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Proven Need for Holiday Safety Awareness

Tracy Thornton

While the winter holiday season is traditionally a festive time of the year filled with colorful decorations and family gathering, it is too often a time of tragedy and loss as well. National Fire Protection Association (NFPA) statistics indicate that 30% of all home fires and 38% of home fire deaths occur during the months of December, January, and February.  These winter fires result from a variety of sources.  According to reports from the United States Fire Administration (USFA), incidence of fires caused by cooking, heating, and open flame all increase during the winter holiday period.  USFA also notes that winter holiday fires are more severe than the average fire during the year across all loss measures.  Holiday decoration and Christmas tree fires, in particular, are substantially more damaging than other fires.  These fires result in twice the injuries and five times the fatalities per fire as the average winter holiday home fire.  During 2004-2008, an average of 260 home fires each year started with Christmas trees.  Another 150 home fires per year were caused by decorative and holiday lights.

Fire is not the only danger facing families during the holiday season.  Injuries resulting from falls are a serious concern this time of year as well.  About 5,800 individuals are treated annually in hospital emergency rooms for injuries sustained from falls involving holiday decorations.  In addition, 4,000 people a year are treated in emergency rooms for injuries associated with extension cords.  Half of these injuries involve fractures, lacerations, contusions, or sprains as a result of people tripping over the cords.

The risk of poisonings also increases during the holiday period, resulting not only from common household items, but also carbon monoxide (CO).  The U.S. Consumer Product Safety Commission (CPSC) reports that in 2007 the majority of CO deaths occurred in the colder months of November through February.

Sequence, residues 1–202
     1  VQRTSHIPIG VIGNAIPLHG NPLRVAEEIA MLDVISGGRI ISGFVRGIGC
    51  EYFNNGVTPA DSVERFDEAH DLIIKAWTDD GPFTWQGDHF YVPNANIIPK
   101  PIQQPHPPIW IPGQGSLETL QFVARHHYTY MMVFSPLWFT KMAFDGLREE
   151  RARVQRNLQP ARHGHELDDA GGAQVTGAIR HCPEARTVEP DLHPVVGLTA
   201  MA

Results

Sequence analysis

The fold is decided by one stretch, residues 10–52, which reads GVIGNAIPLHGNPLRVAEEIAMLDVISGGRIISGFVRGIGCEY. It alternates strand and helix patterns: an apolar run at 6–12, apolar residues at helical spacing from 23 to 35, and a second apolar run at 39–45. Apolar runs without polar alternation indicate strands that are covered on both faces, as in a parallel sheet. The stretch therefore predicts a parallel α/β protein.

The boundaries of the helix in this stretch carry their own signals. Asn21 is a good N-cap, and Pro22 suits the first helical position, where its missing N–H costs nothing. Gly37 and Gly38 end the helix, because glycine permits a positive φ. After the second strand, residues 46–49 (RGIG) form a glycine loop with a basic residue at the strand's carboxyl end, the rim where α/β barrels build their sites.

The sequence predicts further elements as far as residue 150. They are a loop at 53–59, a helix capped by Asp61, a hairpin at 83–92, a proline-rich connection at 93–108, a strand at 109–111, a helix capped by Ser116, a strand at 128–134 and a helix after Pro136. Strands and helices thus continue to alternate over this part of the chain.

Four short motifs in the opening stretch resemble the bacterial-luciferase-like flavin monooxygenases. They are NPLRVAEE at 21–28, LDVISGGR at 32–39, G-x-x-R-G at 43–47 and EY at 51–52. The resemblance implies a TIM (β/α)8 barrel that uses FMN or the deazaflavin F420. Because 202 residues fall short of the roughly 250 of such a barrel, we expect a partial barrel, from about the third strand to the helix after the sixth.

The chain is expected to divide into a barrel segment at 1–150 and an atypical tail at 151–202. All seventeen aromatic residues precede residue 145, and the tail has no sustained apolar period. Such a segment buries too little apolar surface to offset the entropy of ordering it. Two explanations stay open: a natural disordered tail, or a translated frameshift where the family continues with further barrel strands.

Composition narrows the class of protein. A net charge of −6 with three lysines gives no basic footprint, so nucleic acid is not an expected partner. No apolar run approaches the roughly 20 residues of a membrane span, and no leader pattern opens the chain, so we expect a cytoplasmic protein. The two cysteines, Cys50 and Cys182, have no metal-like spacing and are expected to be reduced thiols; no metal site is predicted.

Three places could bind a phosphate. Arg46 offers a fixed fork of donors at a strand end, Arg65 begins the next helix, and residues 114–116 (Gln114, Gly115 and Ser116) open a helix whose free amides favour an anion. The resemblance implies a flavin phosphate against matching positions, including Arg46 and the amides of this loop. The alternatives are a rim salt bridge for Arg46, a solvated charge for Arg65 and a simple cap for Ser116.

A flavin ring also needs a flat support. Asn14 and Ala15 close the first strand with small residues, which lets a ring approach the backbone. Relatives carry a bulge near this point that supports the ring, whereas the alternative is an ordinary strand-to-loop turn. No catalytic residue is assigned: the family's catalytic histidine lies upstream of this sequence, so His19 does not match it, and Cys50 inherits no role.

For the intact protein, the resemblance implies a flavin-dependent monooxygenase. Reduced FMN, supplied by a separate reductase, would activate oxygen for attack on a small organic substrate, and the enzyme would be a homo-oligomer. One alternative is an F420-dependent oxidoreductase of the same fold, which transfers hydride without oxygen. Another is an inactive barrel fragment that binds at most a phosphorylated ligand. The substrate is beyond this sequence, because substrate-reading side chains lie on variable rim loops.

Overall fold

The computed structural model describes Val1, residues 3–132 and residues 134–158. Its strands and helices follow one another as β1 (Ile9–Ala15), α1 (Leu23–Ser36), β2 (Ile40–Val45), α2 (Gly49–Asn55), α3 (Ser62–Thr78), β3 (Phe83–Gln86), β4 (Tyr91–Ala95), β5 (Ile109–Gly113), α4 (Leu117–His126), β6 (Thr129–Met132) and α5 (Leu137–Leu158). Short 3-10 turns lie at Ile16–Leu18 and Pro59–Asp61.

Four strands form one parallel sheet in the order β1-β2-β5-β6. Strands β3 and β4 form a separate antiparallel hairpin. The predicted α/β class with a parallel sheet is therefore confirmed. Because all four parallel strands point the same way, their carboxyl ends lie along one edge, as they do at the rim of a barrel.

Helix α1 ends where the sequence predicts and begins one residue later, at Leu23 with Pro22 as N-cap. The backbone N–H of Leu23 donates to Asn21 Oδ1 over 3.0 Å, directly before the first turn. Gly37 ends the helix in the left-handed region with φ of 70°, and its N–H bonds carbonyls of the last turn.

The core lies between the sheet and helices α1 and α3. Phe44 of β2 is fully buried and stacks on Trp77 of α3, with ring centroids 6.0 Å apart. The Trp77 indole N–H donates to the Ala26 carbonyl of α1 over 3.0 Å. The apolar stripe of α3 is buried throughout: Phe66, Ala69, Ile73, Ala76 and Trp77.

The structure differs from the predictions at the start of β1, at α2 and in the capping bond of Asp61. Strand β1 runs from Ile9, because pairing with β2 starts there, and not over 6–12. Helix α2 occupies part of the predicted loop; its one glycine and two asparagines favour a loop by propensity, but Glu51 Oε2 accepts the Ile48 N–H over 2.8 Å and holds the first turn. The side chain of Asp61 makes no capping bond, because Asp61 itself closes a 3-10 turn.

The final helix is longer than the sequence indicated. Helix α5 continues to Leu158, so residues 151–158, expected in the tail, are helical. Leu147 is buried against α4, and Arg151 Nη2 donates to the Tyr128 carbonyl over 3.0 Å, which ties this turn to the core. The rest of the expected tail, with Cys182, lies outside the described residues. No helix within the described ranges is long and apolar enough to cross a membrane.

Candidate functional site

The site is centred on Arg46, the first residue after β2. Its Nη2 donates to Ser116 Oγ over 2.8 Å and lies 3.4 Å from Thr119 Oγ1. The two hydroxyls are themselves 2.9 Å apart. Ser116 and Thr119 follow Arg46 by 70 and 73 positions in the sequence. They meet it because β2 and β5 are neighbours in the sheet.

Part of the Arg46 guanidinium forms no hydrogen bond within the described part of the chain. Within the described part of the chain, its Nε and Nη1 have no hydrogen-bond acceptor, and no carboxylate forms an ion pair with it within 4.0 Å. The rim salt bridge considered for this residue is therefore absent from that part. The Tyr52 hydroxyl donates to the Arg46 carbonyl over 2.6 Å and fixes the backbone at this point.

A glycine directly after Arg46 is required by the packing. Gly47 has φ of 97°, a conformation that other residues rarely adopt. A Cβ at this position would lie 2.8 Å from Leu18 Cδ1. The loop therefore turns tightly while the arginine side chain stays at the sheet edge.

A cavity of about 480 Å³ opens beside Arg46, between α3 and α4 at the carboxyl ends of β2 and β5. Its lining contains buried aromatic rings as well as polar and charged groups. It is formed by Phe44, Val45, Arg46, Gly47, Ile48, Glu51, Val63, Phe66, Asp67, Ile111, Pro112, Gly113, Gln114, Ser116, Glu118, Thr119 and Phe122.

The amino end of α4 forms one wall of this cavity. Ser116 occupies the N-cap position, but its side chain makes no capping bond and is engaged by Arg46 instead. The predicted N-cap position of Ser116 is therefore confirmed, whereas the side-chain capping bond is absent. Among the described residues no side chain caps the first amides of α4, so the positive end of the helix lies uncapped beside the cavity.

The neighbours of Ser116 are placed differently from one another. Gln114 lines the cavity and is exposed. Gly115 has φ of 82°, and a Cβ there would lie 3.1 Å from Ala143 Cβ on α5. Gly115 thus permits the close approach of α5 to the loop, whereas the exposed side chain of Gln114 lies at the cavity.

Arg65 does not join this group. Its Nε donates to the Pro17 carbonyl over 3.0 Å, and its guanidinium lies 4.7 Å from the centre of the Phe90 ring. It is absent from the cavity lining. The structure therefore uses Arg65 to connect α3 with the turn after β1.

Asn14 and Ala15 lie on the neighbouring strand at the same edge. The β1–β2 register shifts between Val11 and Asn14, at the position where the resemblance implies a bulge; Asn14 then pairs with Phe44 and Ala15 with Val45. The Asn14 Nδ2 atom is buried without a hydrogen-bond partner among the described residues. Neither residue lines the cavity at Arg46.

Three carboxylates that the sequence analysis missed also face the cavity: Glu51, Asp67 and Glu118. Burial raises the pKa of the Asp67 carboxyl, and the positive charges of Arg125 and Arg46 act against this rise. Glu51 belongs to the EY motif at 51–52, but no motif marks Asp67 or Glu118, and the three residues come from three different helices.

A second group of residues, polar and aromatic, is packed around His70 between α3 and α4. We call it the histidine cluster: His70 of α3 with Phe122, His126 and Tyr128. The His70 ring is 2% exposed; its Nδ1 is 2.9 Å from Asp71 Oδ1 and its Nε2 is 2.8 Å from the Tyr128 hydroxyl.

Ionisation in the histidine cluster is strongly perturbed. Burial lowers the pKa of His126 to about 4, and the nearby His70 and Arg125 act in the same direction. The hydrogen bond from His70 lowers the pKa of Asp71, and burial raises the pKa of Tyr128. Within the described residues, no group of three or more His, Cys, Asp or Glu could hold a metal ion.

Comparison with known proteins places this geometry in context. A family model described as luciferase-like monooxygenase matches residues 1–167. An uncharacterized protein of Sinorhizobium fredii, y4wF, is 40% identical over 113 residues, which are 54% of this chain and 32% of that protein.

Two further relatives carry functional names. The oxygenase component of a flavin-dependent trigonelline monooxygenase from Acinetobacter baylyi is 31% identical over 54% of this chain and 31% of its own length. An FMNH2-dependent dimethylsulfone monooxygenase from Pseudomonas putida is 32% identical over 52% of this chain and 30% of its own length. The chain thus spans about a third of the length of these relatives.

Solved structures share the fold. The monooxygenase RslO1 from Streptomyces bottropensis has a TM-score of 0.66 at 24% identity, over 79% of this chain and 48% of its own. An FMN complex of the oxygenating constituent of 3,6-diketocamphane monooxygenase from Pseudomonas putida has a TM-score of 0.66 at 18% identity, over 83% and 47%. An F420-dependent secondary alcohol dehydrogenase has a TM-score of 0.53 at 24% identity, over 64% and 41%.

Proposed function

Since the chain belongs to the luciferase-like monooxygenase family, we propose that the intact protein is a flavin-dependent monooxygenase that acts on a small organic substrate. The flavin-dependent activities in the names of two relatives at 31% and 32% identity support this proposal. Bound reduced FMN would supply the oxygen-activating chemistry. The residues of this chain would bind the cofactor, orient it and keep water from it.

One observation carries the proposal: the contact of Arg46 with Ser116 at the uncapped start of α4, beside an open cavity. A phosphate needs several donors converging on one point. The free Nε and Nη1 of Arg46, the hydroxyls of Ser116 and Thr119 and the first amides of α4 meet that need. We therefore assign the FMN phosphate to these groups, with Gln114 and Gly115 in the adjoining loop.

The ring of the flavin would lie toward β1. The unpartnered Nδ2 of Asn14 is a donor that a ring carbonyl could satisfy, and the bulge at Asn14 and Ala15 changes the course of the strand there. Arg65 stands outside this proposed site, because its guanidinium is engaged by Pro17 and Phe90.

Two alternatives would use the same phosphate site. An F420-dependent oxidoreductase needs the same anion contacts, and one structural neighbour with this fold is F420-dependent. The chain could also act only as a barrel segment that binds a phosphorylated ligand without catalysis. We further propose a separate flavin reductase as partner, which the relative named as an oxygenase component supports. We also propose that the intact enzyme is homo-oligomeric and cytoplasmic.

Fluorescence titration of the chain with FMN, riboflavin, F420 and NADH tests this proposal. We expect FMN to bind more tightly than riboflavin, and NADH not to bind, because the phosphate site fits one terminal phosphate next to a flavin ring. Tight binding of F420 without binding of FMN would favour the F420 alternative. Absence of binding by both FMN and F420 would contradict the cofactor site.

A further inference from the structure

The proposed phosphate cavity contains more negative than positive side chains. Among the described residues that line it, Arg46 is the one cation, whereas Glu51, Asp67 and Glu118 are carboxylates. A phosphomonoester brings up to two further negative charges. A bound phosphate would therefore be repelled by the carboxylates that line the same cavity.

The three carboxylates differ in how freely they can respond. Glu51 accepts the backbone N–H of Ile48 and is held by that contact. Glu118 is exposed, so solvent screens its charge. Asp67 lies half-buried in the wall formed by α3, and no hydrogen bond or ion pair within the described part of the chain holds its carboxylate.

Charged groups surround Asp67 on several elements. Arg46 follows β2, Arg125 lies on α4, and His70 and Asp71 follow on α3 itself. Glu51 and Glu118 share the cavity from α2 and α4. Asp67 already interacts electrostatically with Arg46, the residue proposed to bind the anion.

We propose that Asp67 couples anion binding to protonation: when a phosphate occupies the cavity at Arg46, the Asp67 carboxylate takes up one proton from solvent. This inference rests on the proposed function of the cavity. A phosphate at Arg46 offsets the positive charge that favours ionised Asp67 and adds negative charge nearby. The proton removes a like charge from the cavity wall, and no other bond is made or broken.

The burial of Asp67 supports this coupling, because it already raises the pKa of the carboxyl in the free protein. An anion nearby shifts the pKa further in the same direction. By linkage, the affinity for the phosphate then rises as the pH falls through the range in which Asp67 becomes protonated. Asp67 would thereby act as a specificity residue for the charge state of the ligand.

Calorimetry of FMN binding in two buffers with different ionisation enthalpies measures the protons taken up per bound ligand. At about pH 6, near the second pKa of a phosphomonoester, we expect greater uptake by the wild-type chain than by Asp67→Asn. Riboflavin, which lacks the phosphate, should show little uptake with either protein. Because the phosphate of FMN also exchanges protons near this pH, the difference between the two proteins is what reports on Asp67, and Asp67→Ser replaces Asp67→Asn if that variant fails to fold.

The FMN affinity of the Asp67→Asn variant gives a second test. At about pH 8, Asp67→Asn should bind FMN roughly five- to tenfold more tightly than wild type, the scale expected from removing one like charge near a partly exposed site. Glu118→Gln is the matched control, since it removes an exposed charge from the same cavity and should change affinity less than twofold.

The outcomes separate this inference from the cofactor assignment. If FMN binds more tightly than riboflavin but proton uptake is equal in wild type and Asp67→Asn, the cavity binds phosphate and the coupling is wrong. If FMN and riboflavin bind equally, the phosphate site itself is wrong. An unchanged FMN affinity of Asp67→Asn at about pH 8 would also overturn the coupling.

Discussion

Fortunately, holiday home fires, fatalities, and injuries are most often preventable.  ESFI strives to increase awareness of holiday hazards so that they may be identifies and corrected before a holiday tragedy can occur.

The Kitchen is the heart of the home.  It’s where families gather to cook favorite recipes, share warm meals, and reconnect with each other, especially during the holidays.  Unfortunately, it’s also where two of every five reported home fires start.
Take steps to protect your home and family from cooking hazards:
•    Never leave cooking equipment unattended.  Turn off burners if you have to leave the room.
•    Supervise children closely in the kitchen.
•    Prevent fires by making sure your stovetop and oven are clean and free of grease and dust.
•    Clean the exhaust hood and duct over the stove regularly.
•    Keep the cooking area around the stove/oven clear of combustibles, such as towels, napkins, and pot holders.
•    Wear short or close-fitting sleeves. Loose clothes can catch fire.
•    To protect from spills and burns, use the back burners and turn pot handles in, away from reaching hands.
•    Locate all appliances away from the sink.
•    Plug countertop appliances into Ground Fault Circuit Interrupter (GFCI)-protected outlets.
•    Keep appliance cords away from hot surfaces like the range or toaster.
•    Unplug the toaster and other countertop appliances when not in use.
•    Be sure to turn off all appliances when cooking is completed.

For more information, contact the Butler County Extension Office at 113 East G L Smith Street, Morgantown or call 526-3767. Educational programs of the Kentucky Cooperative Extension Service serve all people regardless of race, color, age, sex, religion, disability, or national origin.  
    
    

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